SR: How did the Vegas tapings differ from the Hollywood tapings?
RS: In Vegas, we worked in the main show room, rather than a studio, which we were used to. We weren’t exclusive. The night show, which featured Tom Jones or whoever was playing there, would share the stage and dressing rooms with us. We’d arrive in the morning, and they would start putting the set together. Rehearsals would start with Mort Lindsey and the orchestra, and the people who were going to be on would come in and rehearse.
SR: This was in the fall of 1969? Were you still with The Carol Burnett Show at this time?
RS: I was with CBS as a stage manager, which meant that I was a freelancer at their studio. They had four stages, so if Carol Burnett needed a stage manager because one was sick or something, I would work for her, or Danny Kaye, or Red Skelton, or certain commercials they would bring in to do. I did the Rose Bowl Parade, and many things that CBS was involved in. I worked for CBS, the same as Merv did. There were only three networks in those days, ABC, NBC, and CBS, so everybody worked for a big company. I had a wonderful time with CBS. I also got to witness six months of the space program, with the astronauts going to the moon, and working with Walter Cronkite during the live coverage of the lunar landing. It was an exciting time.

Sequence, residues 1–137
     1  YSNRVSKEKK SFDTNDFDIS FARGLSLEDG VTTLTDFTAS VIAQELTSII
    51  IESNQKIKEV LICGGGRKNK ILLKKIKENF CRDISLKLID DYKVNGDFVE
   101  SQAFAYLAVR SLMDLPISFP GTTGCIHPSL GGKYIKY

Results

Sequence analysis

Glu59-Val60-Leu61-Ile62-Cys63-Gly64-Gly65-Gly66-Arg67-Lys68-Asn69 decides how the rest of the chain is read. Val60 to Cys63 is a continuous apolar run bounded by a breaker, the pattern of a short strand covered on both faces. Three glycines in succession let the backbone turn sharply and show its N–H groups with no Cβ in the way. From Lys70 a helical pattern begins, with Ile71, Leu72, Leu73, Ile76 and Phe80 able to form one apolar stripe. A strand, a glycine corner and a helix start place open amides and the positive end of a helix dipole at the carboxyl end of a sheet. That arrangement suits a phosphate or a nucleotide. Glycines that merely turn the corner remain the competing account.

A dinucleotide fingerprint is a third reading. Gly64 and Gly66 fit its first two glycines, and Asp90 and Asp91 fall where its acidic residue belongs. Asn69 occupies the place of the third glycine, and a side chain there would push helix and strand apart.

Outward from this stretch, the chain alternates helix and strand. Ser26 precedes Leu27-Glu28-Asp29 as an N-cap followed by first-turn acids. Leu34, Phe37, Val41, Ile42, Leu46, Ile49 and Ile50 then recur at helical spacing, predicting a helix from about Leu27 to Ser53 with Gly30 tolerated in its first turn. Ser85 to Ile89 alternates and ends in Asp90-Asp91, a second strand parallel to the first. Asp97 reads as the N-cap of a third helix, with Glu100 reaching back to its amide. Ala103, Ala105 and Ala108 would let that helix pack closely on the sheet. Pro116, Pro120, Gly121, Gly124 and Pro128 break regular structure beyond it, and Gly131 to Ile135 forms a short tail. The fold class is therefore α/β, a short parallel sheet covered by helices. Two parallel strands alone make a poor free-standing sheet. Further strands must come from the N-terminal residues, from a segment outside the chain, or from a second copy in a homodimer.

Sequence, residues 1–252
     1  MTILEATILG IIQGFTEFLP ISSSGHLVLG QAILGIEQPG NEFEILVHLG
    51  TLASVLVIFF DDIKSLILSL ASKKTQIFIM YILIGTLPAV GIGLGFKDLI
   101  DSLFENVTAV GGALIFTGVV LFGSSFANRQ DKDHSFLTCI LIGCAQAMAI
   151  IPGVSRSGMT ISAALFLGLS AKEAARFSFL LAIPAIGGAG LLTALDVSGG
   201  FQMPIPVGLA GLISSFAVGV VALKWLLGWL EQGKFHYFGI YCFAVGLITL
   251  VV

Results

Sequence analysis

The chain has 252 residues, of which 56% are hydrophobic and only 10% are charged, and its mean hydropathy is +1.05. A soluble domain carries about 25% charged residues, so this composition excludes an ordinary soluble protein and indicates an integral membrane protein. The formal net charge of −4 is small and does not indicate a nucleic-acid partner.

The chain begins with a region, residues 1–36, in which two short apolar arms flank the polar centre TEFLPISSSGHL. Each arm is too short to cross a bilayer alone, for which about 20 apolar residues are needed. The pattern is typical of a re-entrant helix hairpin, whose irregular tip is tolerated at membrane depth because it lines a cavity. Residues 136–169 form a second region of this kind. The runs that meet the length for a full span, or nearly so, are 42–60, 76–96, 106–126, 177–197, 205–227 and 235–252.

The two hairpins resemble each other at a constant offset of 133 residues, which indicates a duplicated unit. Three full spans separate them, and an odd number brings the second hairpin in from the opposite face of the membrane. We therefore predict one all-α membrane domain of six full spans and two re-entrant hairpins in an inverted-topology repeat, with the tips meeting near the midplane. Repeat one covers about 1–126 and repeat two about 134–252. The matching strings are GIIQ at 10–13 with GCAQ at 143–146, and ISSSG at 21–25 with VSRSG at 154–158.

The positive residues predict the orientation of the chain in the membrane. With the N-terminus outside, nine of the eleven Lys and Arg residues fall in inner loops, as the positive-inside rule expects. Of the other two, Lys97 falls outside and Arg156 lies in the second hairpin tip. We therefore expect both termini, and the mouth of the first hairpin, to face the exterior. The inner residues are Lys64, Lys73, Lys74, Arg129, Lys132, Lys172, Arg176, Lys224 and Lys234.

SR: So within a relatively short time, you cultivated a good working relationship with Merv…
RS: During that weekend in the Las Vegas, it became obvious that we worked well together. At the end of the week, Merv said to me that he’d been talking with Bob Shanks, the producer, about me. During every commercial, I’d go over to Merv and check if everything was going smoothly. He might say, “I need another guest,” and then I’d let Bob know. We saved a lot of time without Bob having to go up to the desk. And I could let everyone on the show know what was going on. We could make it up as we went along. I had a radio transmitter, rather than a wire, so I could tell everybody as to who would be coming out next—and whether it was going to be a normal entrance, a cross to the desk, so lighting would know, the director would know, and Mort would know. Or I could indicate that there’d be a change, whatever. And that’s how it was done. Everything was originated from the stage. Our run-down was strictly that, a run-down that we could use or go off of. And it gave Merv the freedom to pace that show. Because, make no mistakes, he was the man who paced the show when he was on that stage. He was a total showman! So, by the end of the week, he really wanted me to be a part of his organization. He said he would check back with me on the telephone.
SR: When did you next hear from Merv?